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Learning to hear again takes practice
Posted by Susan Brown Good, Au.D., Doctor of Audiology on May 01, 2019
Purchasing hearing aids for the first time starts an individual on a path of rehabilitation similar to other conditions that require the person to learn a set of skills in a new way.
Very commonly, a person with hearing loss has forgotten specific sounds both wanted (a loved one’s voice) and unwanted (noise) that an individual with normal hearing experiences every day. Aural rehabilitation assists them in becoming familiar with these sounds again, and educates them in what is normal and appropriate expectations in the use of their new hearing aids.
Prepare for brighter hearing
Most individuals seek help with hearing aids only after suffering with varying degrees of hearing loss for several years. People can often go 10 years before seeking help! During this time, a person “learns” to hear the world at a lower volume level.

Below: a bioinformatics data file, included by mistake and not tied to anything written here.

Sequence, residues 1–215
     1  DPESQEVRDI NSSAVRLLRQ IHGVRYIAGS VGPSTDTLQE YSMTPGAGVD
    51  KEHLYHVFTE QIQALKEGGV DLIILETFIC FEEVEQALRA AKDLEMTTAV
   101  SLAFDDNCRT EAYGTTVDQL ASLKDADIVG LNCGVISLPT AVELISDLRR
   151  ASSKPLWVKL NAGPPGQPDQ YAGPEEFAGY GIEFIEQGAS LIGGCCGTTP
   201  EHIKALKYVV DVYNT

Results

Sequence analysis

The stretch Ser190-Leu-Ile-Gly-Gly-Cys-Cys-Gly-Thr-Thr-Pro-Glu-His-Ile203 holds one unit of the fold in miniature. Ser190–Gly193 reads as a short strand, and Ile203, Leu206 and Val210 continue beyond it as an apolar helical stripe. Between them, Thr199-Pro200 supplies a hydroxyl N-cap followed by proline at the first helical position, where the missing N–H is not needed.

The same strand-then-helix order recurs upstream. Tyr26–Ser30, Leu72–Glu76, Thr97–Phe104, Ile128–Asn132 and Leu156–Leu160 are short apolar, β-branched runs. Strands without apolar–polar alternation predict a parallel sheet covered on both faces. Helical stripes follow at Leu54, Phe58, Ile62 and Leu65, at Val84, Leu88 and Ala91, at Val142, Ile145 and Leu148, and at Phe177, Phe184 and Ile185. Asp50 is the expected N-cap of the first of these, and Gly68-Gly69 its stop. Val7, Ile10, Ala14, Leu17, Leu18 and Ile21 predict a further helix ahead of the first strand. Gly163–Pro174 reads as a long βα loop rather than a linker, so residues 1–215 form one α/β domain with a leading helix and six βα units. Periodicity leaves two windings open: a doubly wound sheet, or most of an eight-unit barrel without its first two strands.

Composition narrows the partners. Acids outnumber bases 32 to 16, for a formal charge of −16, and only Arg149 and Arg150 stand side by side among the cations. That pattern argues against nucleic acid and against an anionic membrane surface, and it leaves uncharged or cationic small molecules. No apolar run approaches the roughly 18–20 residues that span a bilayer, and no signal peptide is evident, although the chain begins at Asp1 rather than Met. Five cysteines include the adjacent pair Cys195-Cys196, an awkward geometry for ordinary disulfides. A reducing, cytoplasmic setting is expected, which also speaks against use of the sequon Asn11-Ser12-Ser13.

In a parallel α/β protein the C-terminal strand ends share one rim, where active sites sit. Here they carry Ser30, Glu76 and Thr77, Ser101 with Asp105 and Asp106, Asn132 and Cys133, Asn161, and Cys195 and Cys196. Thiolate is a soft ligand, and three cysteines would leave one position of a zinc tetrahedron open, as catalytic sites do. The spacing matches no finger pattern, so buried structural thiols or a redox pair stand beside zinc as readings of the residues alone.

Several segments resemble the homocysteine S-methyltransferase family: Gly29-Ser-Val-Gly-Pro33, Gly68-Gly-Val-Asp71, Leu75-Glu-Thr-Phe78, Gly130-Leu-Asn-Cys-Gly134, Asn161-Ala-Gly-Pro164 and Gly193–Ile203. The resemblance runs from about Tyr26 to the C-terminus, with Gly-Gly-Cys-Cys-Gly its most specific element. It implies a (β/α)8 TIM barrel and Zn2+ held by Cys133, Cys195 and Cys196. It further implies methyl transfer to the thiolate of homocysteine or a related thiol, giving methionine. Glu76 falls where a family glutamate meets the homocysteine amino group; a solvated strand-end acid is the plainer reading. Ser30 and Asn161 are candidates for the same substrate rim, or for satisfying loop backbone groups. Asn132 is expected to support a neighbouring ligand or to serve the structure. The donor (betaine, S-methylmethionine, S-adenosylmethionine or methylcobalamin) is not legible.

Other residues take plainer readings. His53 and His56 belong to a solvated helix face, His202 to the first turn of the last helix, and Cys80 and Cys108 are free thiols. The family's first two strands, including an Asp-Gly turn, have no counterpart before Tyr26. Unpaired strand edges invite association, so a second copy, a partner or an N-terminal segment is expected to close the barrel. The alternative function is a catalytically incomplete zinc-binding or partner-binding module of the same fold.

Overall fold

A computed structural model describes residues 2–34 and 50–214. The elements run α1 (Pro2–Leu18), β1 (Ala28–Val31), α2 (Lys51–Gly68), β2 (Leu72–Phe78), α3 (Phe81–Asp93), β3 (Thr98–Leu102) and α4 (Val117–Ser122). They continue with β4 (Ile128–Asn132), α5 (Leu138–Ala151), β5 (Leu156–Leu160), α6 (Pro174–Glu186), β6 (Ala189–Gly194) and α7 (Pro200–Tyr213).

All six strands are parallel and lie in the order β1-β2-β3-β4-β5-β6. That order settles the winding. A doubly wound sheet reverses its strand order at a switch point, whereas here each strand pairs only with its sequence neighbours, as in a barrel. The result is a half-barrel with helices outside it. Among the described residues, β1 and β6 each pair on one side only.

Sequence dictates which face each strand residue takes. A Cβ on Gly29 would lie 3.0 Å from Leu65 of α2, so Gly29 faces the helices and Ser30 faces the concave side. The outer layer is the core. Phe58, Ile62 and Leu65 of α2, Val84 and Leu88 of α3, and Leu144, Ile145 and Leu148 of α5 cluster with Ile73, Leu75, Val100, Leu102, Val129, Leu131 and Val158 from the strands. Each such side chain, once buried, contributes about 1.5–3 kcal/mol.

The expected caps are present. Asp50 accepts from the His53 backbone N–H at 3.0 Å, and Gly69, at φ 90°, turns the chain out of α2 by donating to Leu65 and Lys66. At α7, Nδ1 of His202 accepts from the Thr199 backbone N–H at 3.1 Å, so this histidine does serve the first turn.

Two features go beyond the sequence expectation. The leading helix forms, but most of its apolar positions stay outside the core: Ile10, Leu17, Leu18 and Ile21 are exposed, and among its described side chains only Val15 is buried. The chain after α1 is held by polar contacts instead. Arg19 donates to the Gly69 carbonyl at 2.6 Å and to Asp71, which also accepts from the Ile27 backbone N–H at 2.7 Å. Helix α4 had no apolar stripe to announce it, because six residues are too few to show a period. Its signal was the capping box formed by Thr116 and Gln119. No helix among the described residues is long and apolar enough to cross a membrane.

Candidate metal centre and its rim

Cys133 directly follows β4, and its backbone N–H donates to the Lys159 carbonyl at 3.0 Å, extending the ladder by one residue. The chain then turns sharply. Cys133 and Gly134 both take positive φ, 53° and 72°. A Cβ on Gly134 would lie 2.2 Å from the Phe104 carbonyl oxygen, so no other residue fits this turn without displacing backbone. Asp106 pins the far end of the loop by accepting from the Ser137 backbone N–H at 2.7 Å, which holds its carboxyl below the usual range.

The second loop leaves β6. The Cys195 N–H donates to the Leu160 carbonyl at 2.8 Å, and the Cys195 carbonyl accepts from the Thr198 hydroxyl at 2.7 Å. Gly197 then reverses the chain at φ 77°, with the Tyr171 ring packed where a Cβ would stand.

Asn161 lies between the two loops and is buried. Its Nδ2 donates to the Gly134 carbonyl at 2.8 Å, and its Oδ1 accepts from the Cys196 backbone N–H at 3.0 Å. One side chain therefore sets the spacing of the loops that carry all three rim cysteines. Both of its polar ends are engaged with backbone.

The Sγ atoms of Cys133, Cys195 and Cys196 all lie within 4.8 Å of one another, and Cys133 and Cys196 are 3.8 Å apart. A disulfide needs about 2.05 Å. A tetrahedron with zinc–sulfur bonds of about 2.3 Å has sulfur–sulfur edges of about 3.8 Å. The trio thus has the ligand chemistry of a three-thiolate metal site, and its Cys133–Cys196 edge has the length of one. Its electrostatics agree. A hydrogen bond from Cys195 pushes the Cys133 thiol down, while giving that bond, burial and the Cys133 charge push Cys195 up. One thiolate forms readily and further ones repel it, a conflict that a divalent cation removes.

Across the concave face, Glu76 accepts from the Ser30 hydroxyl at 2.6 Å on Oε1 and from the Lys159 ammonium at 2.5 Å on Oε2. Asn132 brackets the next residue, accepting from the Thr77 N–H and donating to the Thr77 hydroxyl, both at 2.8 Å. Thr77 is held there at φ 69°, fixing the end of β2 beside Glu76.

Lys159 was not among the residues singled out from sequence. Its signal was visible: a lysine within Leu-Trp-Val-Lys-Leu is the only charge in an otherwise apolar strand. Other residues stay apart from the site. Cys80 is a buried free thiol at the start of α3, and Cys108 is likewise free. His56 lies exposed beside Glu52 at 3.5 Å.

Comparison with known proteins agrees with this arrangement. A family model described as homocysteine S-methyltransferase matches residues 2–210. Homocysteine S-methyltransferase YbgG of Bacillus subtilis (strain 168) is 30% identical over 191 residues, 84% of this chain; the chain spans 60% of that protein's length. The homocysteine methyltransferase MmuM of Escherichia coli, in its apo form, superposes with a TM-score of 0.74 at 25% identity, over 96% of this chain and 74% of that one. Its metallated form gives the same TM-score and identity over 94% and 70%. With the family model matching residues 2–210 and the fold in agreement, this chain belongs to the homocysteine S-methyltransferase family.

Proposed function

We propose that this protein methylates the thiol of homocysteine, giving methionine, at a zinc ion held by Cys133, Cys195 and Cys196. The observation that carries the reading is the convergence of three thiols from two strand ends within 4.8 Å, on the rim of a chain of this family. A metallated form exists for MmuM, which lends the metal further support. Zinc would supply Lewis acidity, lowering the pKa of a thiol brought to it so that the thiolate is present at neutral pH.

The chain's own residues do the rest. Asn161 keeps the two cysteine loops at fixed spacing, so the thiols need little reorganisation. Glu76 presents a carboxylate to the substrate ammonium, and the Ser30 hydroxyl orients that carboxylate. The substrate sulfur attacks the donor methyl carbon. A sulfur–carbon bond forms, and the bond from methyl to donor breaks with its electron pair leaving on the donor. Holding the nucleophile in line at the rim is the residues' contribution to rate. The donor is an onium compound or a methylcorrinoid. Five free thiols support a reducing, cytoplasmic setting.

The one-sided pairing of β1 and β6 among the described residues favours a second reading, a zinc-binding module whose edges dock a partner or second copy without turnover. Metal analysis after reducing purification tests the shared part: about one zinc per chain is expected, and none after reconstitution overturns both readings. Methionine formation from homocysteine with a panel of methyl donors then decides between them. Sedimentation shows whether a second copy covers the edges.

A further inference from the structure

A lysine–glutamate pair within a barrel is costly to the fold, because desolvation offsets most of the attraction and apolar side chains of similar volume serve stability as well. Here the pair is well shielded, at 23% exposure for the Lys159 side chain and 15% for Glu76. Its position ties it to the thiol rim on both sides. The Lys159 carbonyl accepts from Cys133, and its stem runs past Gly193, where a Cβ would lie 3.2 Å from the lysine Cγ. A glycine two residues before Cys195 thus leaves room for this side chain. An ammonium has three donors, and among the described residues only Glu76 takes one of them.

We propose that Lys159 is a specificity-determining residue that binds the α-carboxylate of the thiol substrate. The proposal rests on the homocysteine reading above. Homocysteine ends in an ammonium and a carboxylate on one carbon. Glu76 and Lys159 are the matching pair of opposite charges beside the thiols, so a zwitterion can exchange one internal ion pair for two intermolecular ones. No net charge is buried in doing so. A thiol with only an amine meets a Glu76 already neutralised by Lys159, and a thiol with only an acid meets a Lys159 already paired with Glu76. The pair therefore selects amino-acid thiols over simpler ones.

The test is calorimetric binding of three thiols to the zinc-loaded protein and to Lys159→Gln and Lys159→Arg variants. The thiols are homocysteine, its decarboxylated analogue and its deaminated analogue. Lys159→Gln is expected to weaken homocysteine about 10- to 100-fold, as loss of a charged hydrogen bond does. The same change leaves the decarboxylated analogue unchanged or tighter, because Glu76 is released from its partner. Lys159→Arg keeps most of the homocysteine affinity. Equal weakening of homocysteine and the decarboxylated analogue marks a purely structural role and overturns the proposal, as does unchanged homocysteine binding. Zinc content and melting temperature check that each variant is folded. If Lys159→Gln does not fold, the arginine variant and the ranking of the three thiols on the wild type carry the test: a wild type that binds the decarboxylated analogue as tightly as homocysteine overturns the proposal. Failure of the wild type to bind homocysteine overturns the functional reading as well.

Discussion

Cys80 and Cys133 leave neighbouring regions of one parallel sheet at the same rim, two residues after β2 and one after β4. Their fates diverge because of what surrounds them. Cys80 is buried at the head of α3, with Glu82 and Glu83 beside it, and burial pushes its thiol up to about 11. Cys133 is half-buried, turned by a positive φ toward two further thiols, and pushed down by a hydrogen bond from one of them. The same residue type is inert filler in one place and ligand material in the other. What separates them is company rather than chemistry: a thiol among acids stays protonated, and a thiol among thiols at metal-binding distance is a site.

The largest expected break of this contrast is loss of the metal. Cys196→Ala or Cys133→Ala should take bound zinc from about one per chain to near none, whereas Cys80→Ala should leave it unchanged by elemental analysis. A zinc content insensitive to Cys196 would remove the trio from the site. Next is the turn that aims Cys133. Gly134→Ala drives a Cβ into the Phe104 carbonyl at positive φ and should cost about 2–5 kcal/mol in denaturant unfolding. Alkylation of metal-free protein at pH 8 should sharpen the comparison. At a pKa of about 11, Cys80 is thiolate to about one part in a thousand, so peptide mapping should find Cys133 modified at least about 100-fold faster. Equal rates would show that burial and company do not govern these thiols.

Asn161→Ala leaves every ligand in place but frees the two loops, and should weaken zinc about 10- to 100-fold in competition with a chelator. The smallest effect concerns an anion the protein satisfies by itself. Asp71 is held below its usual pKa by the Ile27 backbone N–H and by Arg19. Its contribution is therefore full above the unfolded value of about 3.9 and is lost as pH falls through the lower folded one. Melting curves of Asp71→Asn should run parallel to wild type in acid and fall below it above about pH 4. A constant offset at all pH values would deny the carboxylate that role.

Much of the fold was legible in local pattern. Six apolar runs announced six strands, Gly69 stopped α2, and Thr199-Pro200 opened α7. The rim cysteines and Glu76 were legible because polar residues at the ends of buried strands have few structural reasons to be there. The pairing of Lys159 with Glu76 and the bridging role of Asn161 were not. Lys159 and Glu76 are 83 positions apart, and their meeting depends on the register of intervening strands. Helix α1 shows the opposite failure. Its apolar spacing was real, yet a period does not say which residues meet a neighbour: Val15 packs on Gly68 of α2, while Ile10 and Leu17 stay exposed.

We have all been in a dimly lit restaurant for lunch on a sunny day. When you leave the restaurant and walk into the sunlight, it can be overwhelmingly bright. You shade your eyes or search for your sunglasses. This occurs after only a few hours.
A similar sensation occurs when you use hearing aids for the first time. You may have not experienced the “brightness” of normal hearing for years, and can be overwhelmed by the “new hearing” you are experiencing with hearing aids.
This is where the importance of a qualified hearing professional comes into play. By helping you understand the rehabilitation process and helping you set appropriate expectations at different stages of your rehabilitation, your ability to adapt to your new hearing will be a smoother, more enjoyable experience for you.
Aural rehab can make all the difference
Adapting to your new hearing aids is usually not an overnight process. However, with patience, effort and guidance, appropriate expectations can be set and learning to hear again can be a wonderful experience that will change your life!